Reader's View: Reject modern, minuscule apartment designs
Daily quality-of-life impacts, like adequate soundproofing and sufficient unit space, get ignored for more easily marketable amenities.
No one doubts there’s a lack of housing supply, either rental or occupant-owned. However, the current trend of developers to prioritize new, small, "luxury" apartments — a term I argue developers use loosely — has, so far, left us only with increased rents and unit-size downgrades.
Daily quality-of-life impacts, like adequate soundproofing and sufficient unit space, get ignored for more easily marketable amenities. If you decorate using the most recent interior-design trends, regardless of the actual quality of the workmanship or finish, and add a communal patio that doesn't get touched in the winter, you've got a recipe for a $1,400-a-month studio.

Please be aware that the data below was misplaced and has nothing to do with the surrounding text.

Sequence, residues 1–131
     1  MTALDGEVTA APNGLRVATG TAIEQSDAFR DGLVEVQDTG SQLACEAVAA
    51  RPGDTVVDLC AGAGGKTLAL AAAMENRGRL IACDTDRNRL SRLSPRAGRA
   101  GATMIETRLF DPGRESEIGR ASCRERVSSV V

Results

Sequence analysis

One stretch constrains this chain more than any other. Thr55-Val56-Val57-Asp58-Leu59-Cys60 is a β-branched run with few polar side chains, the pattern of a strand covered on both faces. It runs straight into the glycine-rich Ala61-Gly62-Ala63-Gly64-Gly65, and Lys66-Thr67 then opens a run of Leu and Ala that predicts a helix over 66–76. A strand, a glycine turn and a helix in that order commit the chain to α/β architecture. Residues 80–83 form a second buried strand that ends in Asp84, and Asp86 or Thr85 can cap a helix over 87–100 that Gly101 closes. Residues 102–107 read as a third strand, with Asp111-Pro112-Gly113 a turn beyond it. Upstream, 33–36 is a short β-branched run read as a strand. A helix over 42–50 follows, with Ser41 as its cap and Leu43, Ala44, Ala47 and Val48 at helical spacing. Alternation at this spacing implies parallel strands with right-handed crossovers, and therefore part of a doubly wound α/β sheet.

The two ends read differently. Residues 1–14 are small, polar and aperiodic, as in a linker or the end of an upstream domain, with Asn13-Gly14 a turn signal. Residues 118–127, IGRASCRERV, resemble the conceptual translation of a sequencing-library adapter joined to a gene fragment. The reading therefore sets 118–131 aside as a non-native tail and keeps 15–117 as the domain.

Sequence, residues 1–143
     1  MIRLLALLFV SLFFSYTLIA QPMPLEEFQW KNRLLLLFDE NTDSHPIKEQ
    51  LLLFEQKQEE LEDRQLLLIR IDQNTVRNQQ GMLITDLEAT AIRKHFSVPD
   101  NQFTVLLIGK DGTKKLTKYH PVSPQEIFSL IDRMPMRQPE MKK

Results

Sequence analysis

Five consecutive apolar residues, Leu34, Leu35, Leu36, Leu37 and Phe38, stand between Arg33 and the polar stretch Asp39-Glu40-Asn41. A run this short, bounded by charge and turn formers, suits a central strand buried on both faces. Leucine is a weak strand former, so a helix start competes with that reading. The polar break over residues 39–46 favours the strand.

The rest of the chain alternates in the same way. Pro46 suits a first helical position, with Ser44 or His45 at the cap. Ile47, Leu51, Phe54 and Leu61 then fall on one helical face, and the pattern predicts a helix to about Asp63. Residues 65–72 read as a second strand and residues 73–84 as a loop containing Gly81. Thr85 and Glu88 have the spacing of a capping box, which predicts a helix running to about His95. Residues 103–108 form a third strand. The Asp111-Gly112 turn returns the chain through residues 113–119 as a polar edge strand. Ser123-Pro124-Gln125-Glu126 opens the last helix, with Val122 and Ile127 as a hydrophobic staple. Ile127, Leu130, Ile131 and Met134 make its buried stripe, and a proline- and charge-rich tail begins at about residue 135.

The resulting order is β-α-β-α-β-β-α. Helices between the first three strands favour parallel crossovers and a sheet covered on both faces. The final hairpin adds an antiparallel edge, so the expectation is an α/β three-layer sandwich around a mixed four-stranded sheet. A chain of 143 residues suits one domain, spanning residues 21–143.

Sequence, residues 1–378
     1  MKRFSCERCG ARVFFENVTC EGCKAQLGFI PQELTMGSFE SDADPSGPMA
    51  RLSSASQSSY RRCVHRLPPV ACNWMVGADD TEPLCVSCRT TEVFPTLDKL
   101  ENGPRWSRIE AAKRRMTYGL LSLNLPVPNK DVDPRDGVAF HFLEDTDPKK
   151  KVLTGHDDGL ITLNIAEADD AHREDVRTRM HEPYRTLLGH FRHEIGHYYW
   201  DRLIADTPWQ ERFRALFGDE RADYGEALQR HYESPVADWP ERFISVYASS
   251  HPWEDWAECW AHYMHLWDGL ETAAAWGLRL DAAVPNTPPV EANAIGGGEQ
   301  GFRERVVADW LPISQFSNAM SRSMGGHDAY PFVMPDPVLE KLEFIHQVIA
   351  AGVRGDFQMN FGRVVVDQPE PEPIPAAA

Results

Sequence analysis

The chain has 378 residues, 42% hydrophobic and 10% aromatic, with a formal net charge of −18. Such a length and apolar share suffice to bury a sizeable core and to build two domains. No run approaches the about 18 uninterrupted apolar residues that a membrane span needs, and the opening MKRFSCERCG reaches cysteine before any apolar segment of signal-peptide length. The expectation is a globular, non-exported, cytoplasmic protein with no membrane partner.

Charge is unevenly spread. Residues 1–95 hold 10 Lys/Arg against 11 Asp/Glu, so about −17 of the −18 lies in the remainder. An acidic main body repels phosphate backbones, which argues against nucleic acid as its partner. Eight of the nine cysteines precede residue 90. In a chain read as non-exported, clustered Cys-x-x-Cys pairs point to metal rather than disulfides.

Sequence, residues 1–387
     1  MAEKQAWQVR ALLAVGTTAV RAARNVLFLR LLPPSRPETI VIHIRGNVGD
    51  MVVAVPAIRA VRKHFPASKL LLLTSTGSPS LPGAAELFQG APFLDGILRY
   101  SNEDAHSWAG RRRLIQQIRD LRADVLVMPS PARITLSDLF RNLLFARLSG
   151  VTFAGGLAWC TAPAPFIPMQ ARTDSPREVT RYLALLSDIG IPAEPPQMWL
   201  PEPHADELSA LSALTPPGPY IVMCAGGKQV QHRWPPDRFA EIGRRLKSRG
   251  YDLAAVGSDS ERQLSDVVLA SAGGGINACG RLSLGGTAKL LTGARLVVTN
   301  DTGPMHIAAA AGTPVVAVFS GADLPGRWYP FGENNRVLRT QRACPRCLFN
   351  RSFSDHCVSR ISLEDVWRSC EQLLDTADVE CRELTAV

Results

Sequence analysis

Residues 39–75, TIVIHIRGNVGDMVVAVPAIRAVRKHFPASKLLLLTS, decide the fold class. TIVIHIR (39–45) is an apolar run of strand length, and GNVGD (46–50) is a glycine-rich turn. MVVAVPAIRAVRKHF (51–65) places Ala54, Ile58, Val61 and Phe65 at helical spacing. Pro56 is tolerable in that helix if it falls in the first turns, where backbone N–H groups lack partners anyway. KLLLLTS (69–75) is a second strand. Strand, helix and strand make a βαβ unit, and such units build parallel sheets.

I recently toured a newly constructed complex in St. Paul and was blown away at the cost compared to the unit's size and quality. I shudder to think what these buildings will look like in 50 years. I do not believe for a second they will hold up long-term.
Is the solution new government regulations or guidelines for developers? No, probably not. If developers could profitably build a complex with large, one-bedroom units and quality soundproofing, perhaps they would. Even better would be modestly sized single-family homes.
All I know is, as a renter watching prices of single-family homes soar out of reach, something has to give — or we're all going to be living in micro apartments.
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